16 October 2019
Last weekend, in response to Peter Dutton’s criticism of Chinese Communist Party values, a Chinese foreign ministry spokesperson accused Australia of a “Cold War mentality”. The spokesperson, Geng Shuang, used the same phrase last year to describe the debate about foreign interference following the publication of Silent Invasion, Clive Hamilton’s controversial exposé of Communist Party influence in Australian academia and politics. In Washington, too, the US rivalry with Beijing is increasingly being likened to the Cold War.
But the West’s tensions with China are a new and distinct phenomenon. Unlike the Soviet Union, China offers the world an enormous and growing class of consumers. It’s not just a rival great power but a giant, attractive market, rich in opportunities. A popular theory following the Cold War was that no two countries with a McDonald’s would ever go to war; China already has almost 3000 outlets.
China’s rise forces countries to navigate ties with a nation that offers economic benefits, yet has very different values. For Australia in particular, overcoming this dilemma is crucial. China now accounts for 40 per cent of Australian exports. No single country has dominated Australian trade in this way since Britain in the early 1950s. No developed economy is as dependent on trade with China as Australia.
Yet, as Allan Gyngell points out in the latest issue of Australian Foreign Affairs, China Dependence, divergences in values and political systems are not the only determinants of the relationship between the two countries. These differences affect the level of trust between China and Australia, he argues, but do not preclude close relations. Values, he explains, “have to be weighed against interests, which often have a moral value of their own”.
“A strong economy, for example, provides us with more opportunities to build a just society … Many governments with which Australia deals closely, from Vietnam and Thailand to the UAE, have values different from ours. If Australia did not engage with such countries, our influence in the world would be minimal.”
The question for Australia is not whether, but how, to engage with China. According to Gyngell, Australia is well equipped to grapple with this challenge but is doing a poor job. It’s failing on a number of fronts, and he lists diplomatic blunders by successive Australian leaders, a lack of China experience among politicians and officials, and inadequate dialogue with Chinese-Australians among them.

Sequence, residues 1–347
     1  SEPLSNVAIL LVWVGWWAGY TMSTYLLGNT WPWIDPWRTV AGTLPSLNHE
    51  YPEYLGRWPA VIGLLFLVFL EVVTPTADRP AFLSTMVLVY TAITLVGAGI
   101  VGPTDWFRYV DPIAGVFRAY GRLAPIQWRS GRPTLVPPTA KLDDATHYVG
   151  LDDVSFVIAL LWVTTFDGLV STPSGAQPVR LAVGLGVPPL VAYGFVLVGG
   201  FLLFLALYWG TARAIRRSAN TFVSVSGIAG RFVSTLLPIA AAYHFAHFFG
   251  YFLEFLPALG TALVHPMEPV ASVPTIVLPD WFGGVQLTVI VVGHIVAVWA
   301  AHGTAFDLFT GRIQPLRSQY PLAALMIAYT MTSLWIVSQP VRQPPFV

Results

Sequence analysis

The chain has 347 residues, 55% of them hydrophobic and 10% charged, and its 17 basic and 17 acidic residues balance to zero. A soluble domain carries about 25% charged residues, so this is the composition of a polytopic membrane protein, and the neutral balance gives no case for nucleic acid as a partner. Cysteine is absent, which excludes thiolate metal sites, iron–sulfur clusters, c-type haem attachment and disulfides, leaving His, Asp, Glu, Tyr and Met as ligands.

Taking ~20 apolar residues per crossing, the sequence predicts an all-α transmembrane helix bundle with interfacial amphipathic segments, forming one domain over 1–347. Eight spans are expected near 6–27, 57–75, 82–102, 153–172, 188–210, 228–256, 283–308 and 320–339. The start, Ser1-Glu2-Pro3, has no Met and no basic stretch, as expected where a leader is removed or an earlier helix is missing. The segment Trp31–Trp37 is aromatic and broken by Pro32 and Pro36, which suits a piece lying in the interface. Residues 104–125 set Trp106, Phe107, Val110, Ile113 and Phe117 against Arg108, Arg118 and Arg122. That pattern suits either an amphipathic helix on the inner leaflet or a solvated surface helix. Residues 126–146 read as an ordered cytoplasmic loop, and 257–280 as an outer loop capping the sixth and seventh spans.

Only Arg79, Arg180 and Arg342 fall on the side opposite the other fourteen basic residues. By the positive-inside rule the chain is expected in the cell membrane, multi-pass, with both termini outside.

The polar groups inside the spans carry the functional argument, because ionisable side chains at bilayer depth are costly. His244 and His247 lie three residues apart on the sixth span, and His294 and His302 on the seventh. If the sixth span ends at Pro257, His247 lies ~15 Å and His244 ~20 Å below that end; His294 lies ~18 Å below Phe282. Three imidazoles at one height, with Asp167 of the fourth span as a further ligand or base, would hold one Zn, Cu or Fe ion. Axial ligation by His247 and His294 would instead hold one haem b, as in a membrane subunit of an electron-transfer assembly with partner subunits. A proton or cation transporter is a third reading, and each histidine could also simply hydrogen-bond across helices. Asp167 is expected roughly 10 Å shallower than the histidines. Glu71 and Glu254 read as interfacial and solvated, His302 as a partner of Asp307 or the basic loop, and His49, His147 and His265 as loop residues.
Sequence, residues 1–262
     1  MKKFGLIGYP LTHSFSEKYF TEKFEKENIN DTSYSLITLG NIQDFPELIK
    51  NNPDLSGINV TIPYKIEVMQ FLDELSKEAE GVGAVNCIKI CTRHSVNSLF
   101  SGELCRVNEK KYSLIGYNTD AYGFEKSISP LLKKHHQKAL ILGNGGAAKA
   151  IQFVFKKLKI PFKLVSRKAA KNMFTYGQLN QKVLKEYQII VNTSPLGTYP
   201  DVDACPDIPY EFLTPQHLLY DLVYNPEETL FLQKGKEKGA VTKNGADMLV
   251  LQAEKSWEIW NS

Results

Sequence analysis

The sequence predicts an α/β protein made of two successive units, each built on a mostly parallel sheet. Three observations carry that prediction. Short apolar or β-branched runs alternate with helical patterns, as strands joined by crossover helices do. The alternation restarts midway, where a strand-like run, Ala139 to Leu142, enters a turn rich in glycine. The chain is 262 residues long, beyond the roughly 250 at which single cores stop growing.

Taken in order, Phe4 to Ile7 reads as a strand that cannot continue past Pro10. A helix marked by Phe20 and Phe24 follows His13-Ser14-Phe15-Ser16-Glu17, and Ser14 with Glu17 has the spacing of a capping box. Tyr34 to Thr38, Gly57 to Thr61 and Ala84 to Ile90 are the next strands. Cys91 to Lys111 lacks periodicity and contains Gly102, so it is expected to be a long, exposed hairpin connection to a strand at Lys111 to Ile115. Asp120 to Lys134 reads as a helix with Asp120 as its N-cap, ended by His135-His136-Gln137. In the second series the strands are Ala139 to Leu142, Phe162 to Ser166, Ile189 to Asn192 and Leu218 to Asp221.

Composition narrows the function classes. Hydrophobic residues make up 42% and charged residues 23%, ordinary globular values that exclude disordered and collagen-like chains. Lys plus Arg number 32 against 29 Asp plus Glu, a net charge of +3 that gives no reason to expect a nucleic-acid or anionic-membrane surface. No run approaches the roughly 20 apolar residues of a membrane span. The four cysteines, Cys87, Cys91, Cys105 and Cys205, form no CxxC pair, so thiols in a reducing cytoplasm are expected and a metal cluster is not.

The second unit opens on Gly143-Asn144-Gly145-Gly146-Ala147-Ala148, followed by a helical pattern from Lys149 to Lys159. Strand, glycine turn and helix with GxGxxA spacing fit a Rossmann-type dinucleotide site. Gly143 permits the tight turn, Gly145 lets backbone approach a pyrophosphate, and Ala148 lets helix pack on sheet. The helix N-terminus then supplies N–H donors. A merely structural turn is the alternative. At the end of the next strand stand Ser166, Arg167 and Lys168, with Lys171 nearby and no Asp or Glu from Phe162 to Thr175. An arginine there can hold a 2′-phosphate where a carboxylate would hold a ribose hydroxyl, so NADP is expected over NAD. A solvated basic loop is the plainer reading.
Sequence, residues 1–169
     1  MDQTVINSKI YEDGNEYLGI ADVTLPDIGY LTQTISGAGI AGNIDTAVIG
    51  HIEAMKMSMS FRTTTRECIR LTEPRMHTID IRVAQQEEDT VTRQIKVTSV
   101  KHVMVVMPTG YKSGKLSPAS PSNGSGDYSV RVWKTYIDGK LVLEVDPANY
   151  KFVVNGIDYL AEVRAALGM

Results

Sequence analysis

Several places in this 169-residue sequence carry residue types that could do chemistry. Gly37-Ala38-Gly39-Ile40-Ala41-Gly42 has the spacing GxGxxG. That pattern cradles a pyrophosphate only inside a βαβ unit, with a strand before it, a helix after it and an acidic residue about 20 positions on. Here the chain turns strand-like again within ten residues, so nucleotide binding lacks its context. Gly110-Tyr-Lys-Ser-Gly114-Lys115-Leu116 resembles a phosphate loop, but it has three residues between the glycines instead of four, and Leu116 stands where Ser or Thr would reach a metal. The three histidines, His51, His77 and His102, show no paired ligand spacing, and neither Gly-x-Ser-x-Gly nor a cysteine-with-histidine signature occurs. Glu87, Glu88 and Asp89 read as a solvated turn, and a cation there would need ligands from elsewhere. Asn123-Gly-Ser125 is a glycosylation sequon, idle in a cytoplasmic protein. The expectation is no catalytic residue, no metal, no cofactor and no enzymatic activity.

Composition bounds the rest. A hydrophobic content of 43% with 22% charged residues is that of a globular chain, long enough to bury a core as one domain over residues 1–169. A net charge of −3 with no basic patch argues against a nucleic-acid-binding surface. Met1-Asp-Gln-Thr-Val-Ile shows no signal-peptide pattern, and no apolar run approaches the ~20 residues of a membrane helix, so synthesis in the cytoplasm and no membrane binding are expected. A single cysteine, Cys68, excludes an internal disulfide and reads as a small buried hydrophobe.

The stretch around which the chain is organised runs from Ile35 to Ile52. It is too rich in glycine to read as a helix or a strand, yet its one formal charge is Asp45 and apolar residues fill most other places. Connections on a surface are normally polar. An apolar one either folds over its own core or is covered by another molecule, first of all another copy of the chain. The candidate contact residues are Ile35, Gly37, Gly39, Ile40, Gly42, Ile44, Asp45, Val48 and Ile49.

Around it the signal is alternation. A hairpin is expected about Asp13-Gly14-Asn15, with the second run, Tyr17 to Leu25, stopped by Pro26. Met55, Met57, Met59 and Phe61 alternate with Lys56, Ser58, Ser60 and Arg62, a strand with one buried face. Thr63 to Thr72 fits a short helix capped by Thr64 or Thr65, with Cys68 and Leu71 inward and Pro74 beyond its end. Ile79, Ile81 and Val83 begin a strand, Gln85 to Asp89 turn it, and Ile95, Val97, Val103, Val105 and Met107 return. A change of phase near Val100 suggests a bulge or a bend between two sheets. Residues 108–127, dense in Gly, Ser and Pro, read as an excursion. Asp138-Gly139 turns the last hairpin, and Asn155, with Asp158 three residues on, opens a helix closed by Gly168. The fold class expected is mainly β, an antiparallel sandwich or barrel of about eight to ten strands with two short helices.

There is a stark discrepancy between Australia’s current diplomatic and economic ties with China. In the past three years, China has reacted angrily as Australia moved to block its investments in significant assets and to prevent Chinese interference in domestic affairs. Other disputes have focused on the South China Sea or on China’s arrests of Australian citizens. Political relations have deteriorated. It’s been more than three years since an Australian leader visited Chinas. And yet, throughout this period, Australian trade with China has hit new highs, confirming Gyngell’s observation that values alone do not determine foreign relationships. Last year, trade increased by 17 per cent to $215 billion.
As Richard McGregor notes in a separate essay in Australian Foreign Affairs, China’s growing economy depends on a steady flow of products from Australia, including ore, and would suffer if it suddenly cut purchases. On the other hand, China is likely to use its economic clout to punish Australia in the future. The question is when and how this might occur.
“There is little doubt that China has its red lines, which, if crossed, would trigger sanctions,” McGregor writes. “Think Taiwan, or taking sides in a military clash in the South China Sea.”
This is not a Cold War. The rivals are not on the verge of nuclear confrontation and are not engaging in proxy wars like those that occurred in Vietnam and Afghanistan. The main battlefront is economic – for now. And Australia has more to lose than almost anyone else.